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Horror/Survival Level Design: Part 1 - Cliches

Category: Level Design
June 26, 2009

Following series of articles are going to go in depth and explain how to create horror and bring fear in level and game design.

Survival horror level design.

This is part 1 out of 5.

HORROR/SURVIVAL TUTORIAL SERIES:

Part 1: Cliches
Part 2: Anticipation and Pacing
Part 3: Storytelling and Environment
Part 4: Relationships
Part 5: Moral Decision

There are sets of rules and situations that seem to appear in movies and games to induce fear and scare the audience/player. That may have started as original ideas, over time became cliches.

Dark room with flickering lights.
The abandoned building or an asylum.
A little girl that shows up at the end of the hallway and then disappears.
A phone that rings, when answered no one is on the other side, or you hear heavy breathing.
Foggy environment with noises and sounds of creatures awaiting for you just around the corner.
Characters that stay around in abandoned small towns.

The list goes on.

Definition of cliche is ideas that have been overused to the point of losing its intended force or novelty. In the examples above, some cliches were used very effectively, others weren't. Some may have started as original ideas in the beginning but over the years of watching movies and playing same videogames, we know what is going to happen.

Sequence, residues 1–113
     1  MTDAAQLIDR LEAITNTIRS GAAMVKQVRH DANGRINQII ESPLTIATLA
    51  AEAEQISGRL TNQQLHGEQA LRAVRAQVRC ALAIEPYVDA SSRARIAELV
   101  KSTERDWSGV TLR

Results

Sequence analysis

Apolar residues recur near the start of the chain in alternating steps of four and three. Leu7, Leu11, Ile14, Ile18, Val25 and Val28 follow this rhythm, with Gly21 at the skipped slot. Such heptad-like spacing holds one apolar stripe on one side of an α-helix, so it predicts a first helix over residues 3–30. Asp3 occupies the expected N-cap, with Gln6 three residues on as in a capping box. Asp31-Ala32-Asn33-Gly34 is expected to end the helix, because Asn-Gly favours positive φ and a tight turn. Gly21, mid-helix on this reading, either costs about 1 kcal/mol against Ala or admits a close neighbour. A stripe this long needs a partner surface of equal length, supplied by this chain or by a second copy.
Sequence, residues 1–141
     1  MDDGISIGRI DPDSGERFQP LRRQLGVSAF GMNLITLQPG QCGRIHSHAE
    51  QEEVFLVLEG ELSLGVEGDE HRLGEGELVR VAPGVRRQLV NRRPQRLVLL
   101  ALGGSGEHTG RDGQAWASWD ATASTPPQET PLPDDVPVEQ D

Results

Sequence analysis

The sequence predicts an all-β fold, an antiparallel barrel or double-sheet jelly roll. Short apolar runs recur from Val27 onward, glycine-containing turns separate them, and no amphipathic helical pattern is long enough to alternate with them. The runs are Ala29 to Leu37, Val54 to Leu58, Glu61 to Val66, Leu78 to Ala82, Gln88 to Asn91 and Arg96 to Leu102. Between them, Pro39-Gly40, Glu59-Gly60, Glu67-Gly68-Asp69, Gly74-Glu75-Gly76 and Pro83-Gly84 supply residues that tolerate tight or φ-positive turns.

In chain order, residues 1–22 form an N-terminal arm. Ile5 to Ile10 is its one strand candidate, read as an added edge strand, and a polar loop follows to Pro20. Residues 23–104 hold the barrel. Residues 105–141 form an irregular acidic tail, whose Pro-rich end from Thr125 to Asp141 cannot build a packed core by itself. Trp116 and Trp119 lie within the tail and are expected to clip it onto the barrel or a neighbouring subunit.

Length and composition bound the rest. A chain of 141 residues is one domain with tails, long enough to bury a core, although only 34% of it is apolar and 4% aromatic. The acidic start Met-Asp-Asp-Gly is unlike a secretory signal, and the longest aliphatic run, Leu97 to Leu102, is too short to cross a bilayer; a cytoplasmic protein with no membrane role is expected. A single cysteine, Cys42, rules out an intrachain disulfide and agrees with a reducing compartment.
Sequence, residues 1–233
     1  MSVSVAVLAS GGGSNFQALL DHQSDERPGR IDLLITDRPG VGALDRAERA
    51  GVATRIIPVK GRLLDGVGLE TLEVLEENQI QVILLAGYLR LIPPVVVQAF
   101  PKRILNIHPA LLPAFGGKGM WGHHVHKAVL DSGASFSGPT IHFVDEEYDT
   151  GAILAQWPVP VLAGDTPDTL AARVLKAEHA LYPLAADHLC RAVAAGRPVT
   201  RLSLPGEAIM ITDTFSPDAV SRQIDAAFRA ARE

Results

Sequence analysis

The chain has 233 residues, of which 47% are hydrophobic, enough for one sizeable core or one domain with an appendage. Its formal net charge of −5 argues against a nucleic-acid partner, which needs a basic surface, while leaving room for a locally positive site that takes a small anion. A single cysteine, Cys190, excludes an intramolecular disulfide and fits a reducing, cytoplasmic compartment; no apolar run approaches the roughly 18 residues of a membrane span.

Problem with cliches is we know what to expect because we have seen it so many times. We know that the killer doesn't die after the first try; they always come back and jump at the character one more time. We know that when characters split up, it usually means death for one of them. That is the problem with cliches. We know their anticipated outcome.

Some effective cliches are use of characters, story and environment settings. As an example of what some of these games did well is they took what we used to consider to be scary and terrifying and they made it better. They made it scary again. They took the cliches that were no longer effective and introduced new ways of playing, experiencing and looking at the horror genre.

A mob of villagers in Resident Evil 4.

Resident Evil 4

Monolith's F.E.A.R and The Ring ghost girl

Monolith's F.E.A.R

Left 4 Dead introducing co-op play and infected. Not zombies. As well as the ability to play as the infect. Just as '28 Days Later' redefined what "zombies" movie should be.

Left 4 Dead

Abandoned small town in Silent Hill or a Haunted House in Alone in the Dark.

Silent Hill

BioShock. Combining first person shooter with survival horror elements and creating a setting that is memorable and unforgetable.

Bioshock

Condemned 2:Bloodshot Taking the first-person shooter and combining with survival horror elements and then introducing melee combat. There is enough of familiarity and yet enough originality. Level design of condemned 2 is driven through the melee combat elements.

Condemned 2

Now cliches are important. They are important to know and understand.